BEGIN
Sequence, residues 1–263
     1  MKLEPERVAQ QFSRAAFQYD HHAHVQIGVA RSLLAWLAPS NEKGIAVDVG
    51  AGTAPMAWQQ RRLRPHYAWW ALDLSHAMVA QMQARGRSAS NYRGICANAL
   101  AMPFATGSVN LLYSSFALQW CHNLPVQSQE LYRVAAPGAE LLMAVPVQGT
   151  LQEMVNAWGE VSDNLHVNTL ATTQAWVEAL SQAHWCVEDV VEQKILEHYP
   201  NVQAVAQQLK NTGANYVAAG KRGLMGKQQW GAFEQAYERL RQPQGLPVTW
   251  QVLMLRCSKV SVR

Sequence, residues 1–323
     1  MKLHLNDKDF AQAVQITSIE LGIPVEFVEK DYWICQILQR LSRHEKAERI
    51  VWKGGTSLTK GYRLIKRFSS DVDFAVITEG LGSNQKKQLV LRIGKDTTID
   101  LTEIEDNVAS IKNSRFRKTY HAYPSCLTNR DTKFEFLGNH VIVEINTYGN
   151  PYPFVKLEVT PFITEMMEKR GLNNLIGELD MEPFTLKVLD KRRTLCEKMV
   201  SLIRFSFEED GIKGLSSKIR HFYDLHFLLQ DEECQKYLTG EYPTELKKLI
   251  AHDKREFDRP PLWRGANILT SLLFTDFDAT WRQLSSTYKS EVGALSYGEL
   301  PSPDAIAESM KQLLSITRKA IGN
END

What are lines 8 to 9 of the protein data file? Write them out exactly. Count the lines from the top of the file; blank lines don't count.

Sequence, residues 1–323
     1  MKLHLNDKDF AQAVQITSIE LGIPVEFVEK DYWICQILQR LSRHEKAERI